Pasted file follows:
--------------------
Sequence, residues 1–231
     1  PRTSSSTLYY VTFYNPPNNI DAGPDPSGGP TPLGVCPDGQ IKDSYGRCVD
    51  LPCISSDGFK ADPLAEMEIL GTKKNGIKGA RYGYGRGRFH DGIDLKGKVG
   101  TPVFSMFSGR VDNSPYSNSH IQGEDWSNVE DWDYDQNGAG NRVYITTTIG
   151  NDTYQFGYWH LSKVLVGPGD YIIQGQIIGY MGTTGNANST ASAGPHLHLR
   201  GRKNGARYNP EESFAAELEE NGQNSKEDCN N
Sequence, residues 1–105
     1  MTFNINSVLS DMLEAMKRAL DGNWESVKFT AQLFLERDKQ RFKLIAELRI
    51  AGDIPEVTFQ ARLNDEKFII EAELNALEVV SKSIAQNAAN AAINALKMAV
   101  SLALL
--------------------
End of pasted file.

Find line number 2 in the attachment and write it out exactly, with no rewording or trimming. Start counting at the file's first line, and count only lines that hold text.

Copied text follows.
     1  PRTSSSTLYY VTFYNPPNNI DAGPDPSGGP TPLGVCPDGQ IKDSYGRCVD